She had her feet kicked up, sipping gin and tonic at a five-star hotel in Baku,Azerbaijan and thought she had it made, but what she saw next, changed her forever.
29 year old Tiffany Faykus, Director of Marketing Operations for Scala Business Solutions, saw a poor woman and her three children digging through trash at an abandoned warehouse.
Questioning the well-being of those around her, she thought to herself, “what was I doing on this side of the window?”
Four months later, she was on a plane to Romania to work with Gypsy school children.
Today, 14 years later, she is executive director of The Heart Gallery, a nonprofit organization founded with the belief that no child is unadoptable.
The Heart Gallery showcases children who are in foster care. Their parents’ rights have been terminated.
In Pinellas and Pasco counties, there are 3,500 foster kids. The Heart Gallery features 172 of them.
Faykus’s job is to raise awareness and money ; two things The Heart Gallery desperately needs.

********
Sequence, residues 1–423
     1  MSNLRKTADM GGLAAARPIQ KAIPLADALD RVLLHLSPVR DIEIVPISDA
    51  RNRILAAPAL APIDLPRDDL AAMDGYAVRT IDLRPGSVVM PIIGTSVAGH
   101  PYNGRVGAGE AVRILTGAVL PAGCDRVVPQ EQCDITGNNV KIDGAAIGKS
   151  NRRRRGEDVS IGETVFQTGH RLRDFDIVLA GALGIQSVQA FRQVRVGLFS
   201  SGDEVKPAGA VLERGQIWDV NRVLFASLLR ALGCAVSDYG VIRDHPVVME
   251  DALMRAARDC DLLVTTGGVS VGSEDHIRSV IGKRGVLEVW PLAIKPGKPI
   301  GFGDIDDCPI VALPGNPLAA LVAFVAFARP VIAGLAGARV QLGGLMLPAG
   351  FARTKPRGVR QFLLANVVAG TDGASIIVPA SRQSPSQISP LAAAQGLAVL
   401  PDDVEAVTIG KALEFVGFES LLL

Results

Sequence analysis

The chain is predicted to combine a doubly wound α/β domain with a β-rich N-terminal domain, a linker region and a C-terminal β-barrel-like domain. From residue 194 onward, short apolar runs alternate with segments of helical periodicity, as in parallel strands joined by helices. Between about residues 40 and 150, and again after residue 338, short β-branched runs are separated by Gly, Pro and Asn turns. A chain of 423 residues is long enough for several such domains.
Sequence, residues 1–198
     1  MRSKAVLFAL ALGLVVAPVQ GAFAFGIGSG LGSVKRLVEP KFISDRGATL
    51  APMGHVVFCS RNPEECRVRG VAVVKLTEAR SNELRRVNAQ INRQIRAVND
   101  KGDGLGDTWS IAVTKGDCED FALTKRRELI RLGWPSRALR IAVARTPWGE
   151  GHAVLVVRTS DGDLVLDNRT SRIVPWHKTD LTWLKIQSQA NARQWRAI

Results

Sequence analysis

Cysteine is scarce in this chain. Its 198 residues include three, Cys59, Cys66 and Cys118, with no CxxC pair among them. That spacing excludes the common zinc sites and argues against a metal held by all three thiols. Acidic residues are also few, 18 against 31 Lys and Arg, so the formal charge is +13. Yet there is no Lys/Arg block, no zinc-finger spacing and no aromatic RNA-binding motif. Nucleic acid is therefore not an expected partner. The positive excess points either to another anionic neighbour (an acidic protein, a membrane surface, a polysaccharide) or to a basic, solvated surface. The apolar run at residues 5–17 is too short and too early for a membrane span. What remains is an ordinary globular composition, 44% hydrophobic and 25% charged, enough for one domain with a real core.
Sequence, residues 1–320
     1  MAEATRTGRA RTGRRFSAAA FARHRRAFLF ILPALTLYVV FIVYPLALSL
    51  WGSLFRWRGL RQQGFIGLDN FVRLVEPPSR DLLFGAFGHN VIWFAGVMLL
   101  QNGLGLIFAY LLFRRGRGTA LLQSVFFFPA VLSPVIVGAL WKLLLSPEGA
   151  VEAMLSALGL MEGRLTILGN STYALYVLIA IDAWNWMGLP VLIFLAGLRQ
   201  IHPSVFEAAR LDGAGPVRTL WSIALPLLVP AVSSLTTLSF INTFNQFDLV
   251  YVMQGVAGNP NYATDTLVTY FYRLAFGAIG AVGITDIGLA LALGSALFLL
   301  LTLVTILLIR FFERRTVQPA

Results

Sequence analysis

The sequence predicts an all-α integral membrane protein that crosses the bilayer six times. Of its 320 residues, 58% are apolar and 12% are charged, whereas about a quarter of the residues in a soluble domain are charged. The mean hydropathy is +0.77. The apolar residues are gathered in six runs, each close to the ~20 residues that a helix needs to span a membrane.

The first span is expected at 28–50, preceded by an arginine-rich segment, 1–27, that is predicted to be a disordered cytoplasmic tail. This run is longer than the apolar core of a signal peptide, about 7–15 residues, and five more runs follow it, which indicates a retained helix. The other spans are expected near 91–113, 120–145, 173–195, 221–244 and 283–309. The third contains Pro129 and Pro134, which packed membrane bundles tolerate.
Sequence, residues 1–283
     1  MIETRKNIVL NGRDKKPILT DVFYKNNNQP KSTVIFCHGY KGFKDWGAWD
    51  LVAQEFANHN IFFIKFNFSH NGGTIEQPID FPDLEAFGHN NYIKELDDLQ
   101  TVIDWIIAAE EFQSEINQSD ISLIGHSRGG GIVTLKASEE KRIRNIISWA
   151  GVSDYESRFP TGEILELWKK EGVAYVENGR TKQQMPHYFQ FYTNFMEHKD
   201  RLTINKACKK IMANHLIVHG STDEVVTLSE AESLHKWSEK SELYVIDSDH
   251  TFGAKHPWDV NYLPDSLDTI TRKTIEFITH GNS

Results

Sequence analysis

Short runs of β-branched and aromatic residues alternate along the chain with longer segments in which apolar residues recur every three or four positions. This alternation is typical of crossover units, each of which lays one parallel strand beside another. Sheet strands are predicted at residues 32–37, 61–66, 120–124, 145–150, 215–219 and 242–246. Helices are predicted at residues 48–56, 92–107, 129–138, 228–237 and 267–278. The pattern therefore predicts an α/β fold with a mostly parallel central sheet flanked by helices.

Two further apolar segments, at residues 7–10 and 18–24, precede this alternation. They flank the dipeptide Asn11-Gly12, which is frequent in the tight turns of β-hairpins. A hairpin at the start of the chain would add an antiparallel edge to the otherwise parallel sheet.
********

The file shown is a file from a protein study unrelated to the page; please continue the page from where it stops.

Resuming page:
“It’s all about spreading the word,” says Faykus, 43.
Tiffany Faykus, Executive Director of The Heart Gallery
Photo courtesy of http://notforprofitworkshop.com
Although, she makes less than half of what she was earning 10 years ago, she couldn’t be happier.
Sitting in a courtroom during the adoption finalization is the most rewarding part of her job.
“I played a part. However small, I know I played a part”, she says. ““There’s one judge that says “It is my pleasure to make official what love made true.””
One hundred and seventy six kids have been adopted through The Heart Gallery, but the program has a 40 to 50 percent fail rate because many children come with baggage or age out of the program.
“When kids don’t get adopted, it’s the worst part of my job,” she says. “When I tuck my kids in at night, “who is tucking in those kids in at night?””
She has three children herself, but she hopes to adopt one day.
Caitlin is 12, Rachel is 10, and Luke is 8.
Her daughters have also found an interest in philanthropy and go to Meals on Wheels events with her- a tradition she shared with her mother.
Faykus’s mother is the taught her the importance of giving back to the community.
“Find something you believe in and volunteer. Find something to give your time and treasure to, because it takes all of us,” she says.